This course provides participants who have a background in coal mining with a basic knowledge of coal mining Geomechanics. It is intended to provide operational staff in the coal mining industry with a basic working familiarity with the mechanics of geomaterials in the context of mine planning and operation. Successful completion of this course will give participants a deeper understanding of the geotechnical issues that affect coal production and facilitate a higher level of communication and effective decision-making between geologists, consultant engineers, and mine management staff.
- Review of Geological fundamentals
- Properties of rocks
- Properties of soils
- Elasticity and elastic theory
- Effective stress
- Stress distributions
- Strength models a) (general, intact rock)
- Strength models b) (jointed rock)
- Rock Mass Classification
- Open Pit Stability
The postgraduate training course will consist of at least 40 contact hours as part of the 5-day intensive, and will include an assessable assignment designed to demonstrate the capacity to generate and interpret geological data relevant to the course objectives.
Full course cost is $3,500 AUD (GST inc)
Receive Early Bird discount of $500.
Early bird discounts must be paid by 5pm AEST, 1st March, otherwise full fees apply.
Delegation Discount is also available.
If you register 3 or more delegates from your organisation,
receive a 50% discount on the 3rd delegate's registration fee.
* The Early Bird discount and the Delegation discount cannot be taken in conjunction with one another.
Room location to be advised, University of Newcastle, Callaghan Campus
View the Callaghan campus interactive map
Who should complete this course
From an Industry perspective, there is a strong need for early to mid-career employees to improve and/or broaden their skill base, to become effective an efficient members of the working team. A Post Graduate training program will provide a comprehensive range of professional geological and geotechnical based skills, which have the potential to substantially improve productivity. Not only will these skills assist everyday decision making, but will facilitate better utilisation of consultants and consultancy reports. The courses will give early to mid-career geoscientists much greater competence, ability and confidence to operate in the workplace.
Entry requirement is a BSc degree or three (3) years experience as a Coal Geologist in the Industry.
The 5-day intensive, will be followed by an assessable written assignment designed to demonstrate the capacity to generate and interpret geological data relevant to the course objectives. There are no formal exams within the course.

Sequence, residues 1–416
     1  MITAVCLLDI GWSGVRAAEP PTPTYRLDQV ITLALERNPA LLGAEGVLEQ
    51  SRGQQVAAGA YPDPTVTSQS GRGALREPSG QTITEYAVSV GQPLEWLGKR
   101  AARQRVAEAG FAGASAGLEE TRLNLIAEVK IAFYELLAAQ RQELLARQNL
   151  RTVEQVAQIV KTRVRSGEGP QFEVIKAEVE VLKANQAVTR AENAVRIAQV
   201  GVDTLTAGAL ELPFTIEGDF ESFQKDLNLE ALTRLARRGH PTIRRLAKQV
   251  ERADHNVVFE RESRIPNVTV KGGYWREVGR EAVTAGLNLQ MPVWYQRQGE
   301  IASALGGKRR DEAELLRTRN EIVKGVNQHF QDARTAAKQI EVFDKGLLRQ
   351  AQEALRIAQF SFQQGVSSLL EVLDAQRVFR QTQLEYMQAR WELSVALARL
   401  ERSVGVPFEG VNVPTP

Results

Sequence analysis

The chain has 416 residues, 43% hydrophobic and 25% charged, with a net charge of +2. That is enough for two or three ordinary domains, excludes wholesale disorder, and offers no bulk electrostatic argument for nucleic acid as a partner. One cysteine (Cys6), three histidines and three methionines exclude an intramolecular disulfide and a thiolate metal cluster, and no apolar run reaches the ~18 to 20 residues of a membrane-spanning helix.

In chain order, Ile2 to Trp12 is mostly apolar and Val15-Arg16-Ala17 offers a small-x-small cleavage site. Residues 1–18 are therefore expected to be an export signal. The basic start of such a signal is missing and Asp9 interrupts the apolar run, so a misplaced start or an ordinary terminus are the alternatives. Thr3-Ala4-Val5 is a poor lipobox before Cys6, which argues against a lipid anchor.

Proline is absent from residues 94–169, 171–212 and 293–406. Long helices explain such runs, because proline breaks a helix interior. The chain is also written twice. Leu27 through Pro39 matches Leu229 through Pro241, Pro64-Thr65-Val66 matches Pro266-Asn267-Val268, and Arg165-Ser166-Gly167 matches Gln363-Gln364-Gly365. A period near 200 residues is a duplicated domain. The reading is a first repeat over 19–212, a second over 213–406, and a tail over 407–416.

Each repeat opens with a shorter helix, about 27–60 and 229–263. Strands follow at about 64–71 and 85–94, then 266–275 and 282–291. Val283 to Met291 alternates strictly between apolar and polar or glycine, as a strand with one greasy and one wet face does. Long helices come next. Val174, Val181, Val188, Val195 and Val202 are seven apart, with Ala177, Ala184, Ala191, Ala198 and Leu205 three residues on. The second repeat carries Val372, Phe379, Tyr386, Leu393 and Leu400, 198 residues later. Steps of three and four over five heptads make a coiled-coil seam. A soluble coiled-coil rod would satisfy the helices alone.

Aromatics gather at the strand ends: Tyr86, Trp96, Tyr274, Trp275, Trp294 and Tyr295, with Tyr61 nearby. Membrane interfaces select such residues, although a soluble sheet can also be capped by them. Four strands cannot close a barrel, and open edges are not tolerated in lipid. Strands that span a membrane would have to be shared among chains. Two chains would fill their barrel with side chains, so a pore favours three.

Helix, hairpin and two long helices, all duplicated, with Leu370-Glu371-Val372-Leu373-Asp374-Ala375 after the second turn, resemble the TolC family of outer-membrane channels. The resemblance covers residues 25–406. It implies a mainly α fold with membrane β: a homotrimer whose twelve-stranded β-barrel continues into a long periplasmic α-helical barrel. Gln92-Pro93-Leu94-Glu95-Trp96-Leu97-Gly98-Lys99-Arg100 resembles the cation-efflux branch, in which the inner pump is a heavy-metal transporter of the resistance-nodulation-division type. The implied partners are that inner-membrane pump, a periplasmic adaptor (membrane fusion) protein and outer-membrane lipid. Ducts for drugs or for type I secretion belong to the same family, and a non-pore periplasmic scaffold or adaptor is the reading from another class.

What certification will I receive?
A Certificate of Attainment will be awarded for successful completion and a mark and grading will be recorded for the course.
The course is equivalent to 10 units and may be transferred to a relevant post-graduate or Masters Program at the University of Newcastle.
Morning tea, lunch and afternoon tea is provided each day. If you have any specific dietary requirements please contact Nicole Weaver
About the Course Presenters
Prof. Steve Fityus has a broad range of research interests spread across fields in geomechanics, geotechnical and geoenvironmental engineering and engineering geology. Geomaterials studied include granular soils, soft/estuarine soils, expansive/cracked clay soils, unsaturated soils and residual soils. Issues studied include foundation movements, foundation capacity, slope stability, contaminant transport, permeability and hydraulic conductivity, in situ and laboratory testing and the origin of soils and soil deposits. He is currently looking to focus his research interests on a smaller number of areas, limited to expansive soil foundations, engineering geology and minesite geotechnics. He has been at the University of Newcastle throughout his academic career.
Dr John Simmons has provided specialist geotechnical services to the coal mining industry in Australia and Indonesia since 1990, with particular reference to open pit slope stability, rockfall assessment, heavy duty pavements, and both tailings and water retaining structures. He has developed and conducted open pit geotechnical hazard awareness training to the industry since 1993, has participated in geotechnical hazard risk assessments for many mines in the Bowen Basin, Hunter Valley, and Kalimantan. He wrote the script for the 2004 video "Unearthing Black Gold" for geotechnical risk management training of coal mine workers. John has also taught civil engineering and geomechanics as a university lecturer. From 1990 to 1999 John was a committee member, chair, and national representative for the Queensland Chapter of the Australian Geomechanics Society and he continues to be actively involved in AGS professional development activities. John holds a conjoint academic position at the University of Newcastle.
Dr Daniel Bishop worked with Pells Sullivan Meynink from 2007-2011, and was involved in all aspects of civil engineering geological investigation and design. This work included geotechnical model development, failure mechanism and slope stability assessment, and pit slope design for open cut copper-gold porphyry and uranium mines in Indonesia, Philippines, Western Australia, Queensland and Central Australia. He has had similar experience in the investigation and design of open cut coal mines and associated waste dumps in NSW, QLD and South America. He is now researching the geomechanics of multiseam longwall mining in eastern Australia at the University of Newcastle.